Sometimes personal values conflict with organizational values - a leader that values honesty and an organization that values high profits. When does the honesty supersede profitability? Organizations have been deeply wounded by such value conflicts, mostly because employees did not feel they had a forum to discuss these conflicts. An open values exchange on values is critical to clarifying the limits of behavior and personal responsibility. "Value commitments, value judgments, value standards, value relationships, and valuational experiences are the day-to-day expression of symbolic human meanings that bring order and significance into human transactions." (Frederick, 1995, p. 111).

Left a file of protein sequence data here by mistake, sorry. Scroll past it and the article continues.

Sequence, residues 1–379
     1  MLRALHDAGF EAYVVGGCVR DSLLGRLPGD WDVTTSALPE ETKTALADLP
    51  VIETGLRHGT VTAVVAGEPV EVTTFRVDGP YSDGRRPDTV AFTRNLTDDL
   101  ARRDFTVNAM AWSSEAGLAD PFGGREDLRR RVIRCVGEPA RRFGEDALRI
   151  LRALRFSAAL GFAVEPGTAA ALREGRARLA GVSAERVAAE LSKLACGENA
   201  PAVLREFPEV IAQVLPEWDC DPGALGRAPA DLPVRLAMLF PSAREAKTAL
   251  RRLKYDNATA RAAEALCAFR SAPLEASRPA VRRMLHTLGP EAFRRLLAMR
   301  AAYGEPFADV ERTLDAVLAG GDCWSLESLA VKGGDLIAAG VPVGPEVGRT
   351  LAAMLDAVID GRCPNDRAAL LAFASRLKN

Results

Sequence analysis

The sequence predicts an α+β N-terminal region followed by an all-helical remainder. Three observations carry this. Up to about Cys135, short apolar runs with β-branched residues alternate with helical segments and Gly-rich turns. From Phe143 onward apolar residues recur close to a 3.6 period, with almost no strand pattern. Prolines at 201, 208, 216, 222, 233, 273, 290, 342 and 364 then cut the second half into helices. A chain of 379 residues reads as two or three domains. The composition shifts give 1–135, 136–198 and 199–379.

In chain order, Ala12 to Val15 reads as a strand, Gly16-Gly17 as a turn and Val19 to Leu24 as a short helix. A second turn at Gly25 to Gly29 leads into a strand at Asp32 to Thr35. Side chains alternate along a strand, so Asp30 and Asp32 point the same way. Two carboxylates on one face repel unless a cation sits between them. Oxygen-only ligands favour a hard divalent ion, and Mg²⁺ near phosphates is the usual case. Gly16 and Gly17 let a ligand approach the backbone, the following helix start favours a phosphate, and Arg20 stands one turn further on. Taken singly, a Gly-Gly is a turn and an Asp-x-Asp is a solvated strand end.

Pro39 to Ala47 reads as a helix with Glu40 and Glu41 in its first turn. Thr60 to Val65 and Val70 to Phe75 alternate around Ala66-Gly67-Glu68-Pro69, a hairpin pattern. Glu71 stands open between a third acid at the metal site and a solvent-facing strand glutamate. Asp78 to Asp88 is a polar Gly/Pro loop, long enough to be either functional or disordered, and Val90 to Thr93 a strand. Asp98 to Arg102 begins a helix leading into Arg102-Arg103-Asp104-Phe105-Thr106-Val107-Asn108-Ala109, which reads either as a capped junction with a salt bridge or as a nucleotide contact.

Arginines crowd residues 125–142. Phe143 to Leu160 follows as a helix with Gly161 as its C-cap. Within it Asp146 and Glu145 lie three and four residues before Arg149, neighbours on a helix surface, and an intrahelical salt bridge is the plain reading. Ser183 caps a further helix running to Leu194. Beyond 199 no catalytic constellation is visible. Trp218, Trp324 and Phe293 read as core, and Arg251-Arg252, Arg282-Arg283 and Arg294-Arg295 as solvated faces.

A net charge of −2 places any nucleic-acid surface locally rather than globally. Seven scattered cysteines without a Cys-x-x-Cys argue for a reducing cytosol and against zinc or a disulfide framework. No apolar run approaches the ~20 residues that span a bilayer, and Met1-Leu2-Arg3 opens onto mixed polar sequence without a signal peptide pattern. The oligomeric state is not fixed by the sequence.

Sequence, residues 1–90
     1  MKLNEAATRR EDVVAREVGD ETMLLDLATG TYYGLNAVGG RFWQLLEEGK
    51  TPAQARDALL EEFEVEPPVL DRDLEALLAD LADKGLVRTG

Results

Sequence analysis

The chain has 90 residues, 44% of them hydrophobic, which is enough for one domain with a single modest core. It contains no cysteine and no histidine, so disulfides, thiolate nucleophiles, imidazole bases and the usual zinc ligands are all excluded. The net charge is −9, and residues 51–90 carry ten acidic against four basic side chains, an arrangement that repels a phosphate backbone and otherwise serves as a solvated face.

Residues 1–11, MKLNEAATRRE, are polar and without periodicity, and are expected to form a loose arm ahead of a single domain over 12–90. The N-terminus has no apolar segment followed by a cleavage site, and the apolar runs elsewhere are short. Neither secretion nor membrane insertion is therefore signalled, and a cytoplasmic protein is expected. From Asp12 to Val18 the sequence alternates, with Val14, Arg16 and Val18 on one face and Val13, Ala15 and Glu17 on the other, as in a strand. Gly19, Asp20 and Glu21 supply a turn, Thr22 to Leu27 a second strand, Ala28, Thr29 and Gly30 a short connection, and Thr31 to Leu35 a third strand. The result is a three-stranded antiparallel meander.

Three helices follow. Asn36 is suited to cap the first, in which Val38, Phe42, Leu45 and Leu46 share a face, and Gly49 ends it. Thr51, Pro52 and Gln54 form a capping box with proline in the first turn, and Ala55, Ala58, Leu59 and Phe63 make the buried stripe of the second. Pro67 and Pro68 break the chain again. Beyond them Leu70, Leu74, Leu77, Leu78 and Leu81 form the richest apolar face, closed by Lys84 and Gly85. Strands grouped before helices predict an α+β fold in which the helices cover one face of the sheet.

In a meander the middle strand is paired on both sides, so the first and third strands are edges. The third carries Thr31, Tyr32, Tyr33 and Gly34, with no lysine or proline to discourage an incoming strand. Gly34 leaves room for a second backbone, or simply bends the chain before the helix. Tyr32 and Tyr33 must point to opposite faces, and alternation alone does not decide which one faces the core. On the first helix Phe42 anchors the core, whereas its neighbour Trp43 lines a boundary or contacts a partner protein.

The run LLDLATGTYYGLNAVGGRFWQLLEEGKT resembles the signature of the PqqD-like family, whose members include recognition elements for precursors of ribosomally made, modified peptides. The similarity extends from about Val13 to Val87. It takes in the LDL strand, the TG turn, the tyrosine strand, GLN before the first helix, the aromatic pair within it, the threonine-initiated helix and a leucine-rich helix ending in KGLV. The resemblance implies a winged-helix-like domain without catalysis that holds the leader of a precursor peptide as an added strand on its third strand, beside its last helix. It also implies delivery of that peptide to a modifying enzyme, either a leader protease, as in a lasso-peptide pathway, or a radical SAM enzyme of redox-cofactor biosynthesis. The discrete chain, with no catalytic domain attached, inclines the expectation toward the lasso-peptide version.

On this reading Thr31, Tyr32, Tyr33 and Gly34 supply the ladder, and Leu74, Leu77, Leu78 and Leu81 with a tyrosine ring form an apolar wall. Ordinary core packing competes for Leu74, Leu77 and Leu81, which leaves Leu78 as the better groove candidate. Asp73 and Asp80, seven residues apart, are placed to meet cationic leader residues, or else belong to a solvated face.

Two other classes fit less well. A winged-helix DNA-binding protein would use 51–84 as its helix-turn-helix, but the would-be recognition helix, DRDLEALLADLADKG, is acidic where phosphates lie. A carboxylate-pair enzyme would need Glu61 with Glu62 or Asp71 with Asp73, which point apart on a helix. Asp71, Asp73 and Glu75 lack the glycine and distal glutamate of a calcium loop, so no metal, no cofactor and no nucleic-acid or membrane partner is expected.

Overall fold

Leaders project values into the organization through their perceptions, attitudes, and behavior. A leader's preferences are also revealed in the attitudes he adopts towards organizational stakeholders. While there will always be differences between leaders and the organizational community regarding levels of importance, creating consensus about key values is an important task. "One of the most important keys to greater effectiveness is a close link between personal and organizational values. A survey by the American Management Association of 1,460 managers and chief executives suggests that an understanding of this relationship will provide new leverage for corporate vitality." (Jaffe, 1993, p. 22).
Frederick, William C. (1995). Values, Nature, and Culture in the American Corporation. Cary, North Carolina: Oxford University Press, Inc.
Jaffe, Dennis T. (1993). Organizational Vision, Values and Mission. Menlo Park, California: Course Technology Crisp.